### The softmax bottleneck is a special case of a more general phenomenon

One of my favorite papers this year so far has been this ICLR oral paper by Zhilin Yang, Zihang Dai and their colleagues at CMU. The paper is titled “Breaking the softmax bottleneck: a high-rank RNN language model” and uncovers an important deficiency in neural language models. These models typically use a softmax layer at the top of the network, mapping a relatively low dimensional embedding of the current context to a relatively high dimensional probability distribution over the vocabulary (the distribution represents the probability of each possible word in the vocabulary given the current context). The relatively low dimensional nature of the embedding space causes a potential degeneracy in the model. Mathematically, we can express this degeneracy problem as follows: $\mathbf{H} \mathbf{W}^\top = \mathbf{A}$

Here, $\mathbf{A}$ is an $N \times M$ matrix containing the log-probability of each word in the vocabulary given each context in the dataset: $\mathbf{A}_{ij} = \log p(x_j|c_i)$, where $N$ is the number of all distinct contexts in the dataset and $M$ is the vocabulary size; $\mathbf{H}$ is an $N \times d$ matrix containing the embedding space representations of all distinct contexts in the dataset, where $d$ is the dimensionality of the embedding space; and $\mathbf{W}$ is an $M\times d$ matrix containing the softmax weights.

In typical applications, $d \sim O(10^{2-3})$ and $M \sim O(10^5)$, so $d$ is a few order orders of magnitude smaller than $M$. This means that while the right-hand side of the above equation can be full-rank, the left-hand side is rank-deficient: i.e. $\mathrm{rank}(\mathbf{H} \mathbf{W}^\top) = d \ll M =\mathrm{rank}(\mathbf{A})$ (we’re assuming that $N$ is larger than $M$ and $d$, which is usually the case). This means that the model is not expressive enough to capture $\mathbf{A}$.

I think it is actually more appropriate to frame the preceding discussion in terms of the distribution of singular values rather than the ranks of matrices. This is because $\mathbf{A}$ can be full-rank, but it can have a large number of small singular values, in which case the softmax bottleneck would presumably not be a serious problem (there would be a good low-rank approximation to $\mathbf{A}$). So, the real question is: what is the proportion of near-zero, or small, singular values of $\mathbf{A}$? Similarly, the proportion of near-zero singular values of the left-hand side, that is, the degeneracy of the model, is equally important. It could be argued that as long as the model has enough non-zero singular values, it shouldn’t matter how many near-zero singular values it has, because it can just adjust those non-zero singular values appropriately during training. But this is not really the case. From an optimization perspective, near-zero singular values are as bad as zero singular values: they both restrict the effective capacity of the model (see this previous post for a discussion of this point).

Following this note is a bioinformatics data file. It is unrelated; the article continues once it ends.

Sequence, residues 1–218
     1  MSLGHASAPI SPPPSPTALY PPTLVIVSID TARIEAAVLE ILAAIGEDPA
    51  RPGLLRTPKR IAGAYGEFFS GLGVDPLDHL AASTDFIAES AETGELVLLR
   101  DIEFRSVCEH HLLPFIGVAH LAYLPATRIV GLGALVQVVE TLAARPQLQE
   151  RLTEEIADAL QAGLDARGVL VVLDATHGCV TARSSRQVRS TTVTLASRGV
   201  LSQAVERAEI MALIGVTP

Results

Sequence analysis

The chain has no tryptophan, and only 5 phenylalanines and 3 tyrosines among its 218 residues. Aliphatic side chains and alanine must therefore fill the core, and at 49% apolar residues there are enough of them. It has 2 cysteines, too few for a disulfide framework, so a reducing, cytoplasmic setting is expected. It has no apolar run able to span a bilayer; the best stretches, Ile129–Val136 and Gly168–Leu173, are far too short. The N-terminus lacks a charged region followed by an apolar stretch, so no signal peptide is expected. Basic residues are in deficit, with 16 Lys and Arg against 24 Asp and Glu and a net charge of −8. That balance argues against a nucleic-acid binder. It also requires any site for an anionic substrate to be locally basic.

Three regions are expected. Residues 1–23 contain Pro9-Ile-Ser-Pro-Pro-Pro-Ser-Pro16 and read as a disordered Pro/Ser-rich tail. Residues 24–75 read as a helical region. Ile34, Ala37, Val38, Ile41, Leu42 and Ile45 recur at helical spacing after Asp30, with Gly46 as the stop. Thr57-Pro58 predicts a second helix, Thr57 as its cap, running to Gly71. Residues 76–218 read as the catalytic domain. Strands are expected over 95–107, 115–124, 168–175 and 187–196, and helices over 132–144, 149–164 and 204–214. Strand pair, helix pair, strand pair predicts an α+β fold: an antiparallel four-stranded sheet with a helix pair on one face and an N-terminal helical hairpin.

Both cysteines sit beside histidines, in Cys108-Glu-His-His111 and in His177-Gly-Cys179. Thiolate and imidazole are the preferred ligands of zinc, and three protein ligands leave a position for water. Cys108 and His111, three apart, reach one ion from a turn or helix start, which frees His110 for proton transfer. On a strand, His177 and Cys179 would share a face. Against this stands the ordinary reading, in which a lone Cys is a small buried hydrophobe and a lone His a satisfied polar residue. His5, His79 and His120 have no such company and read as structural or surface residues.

Framed in this way, we can see that the softmax bottleneck is really a special case of a more general degeneracy problem that can arise even when we’re not mapping from a relatively low dimensional space to a relatively high dimensional space and even when the nonlinearity is not softmax. I will now illustrate this with a simple example from a fully-connected (dense) layer with relu units.

In this example, we assume that the input and output spaces have the same dimensionality (i.e. $d=M=128$, using the notation above), so there is no “bottleneck” due to a dimensionality difference between the input and output spaces. Mathematically, the layer is described by the equation: $\mathbf{y}= f(\mathbf{W}\mathbf{x})$, where $f(\cdot)$ is relu and we ignore the biases for simplicity. The weights, $\mathbf{W}$, are drawn according to the standard Glorot uniform initialization scheme. We assume that the inputs $x$ are standard normal variables and we calculate the average singular values of the Jacobian of the layer, $\partial \mathbf{y}/\partial \mathbf{x}$, over a bunch of inputs. The result is shown by the blue line (labeled “Dense”) below: The singular values decrease roughly linearly up to the middle singular value, but drop sharply to zero after that. This is caused by the saturation of approximately half of the output units. Of course, the degeneracy here is not as dramatic as in the softmax bottleneck case, where more than $99\%$ of the singular values would have been degenerate (as opposed to roughly half in this example), but this is just a single layer and degeneracy can increase sharply in deeper models (again see this previous post for a discussion of this point).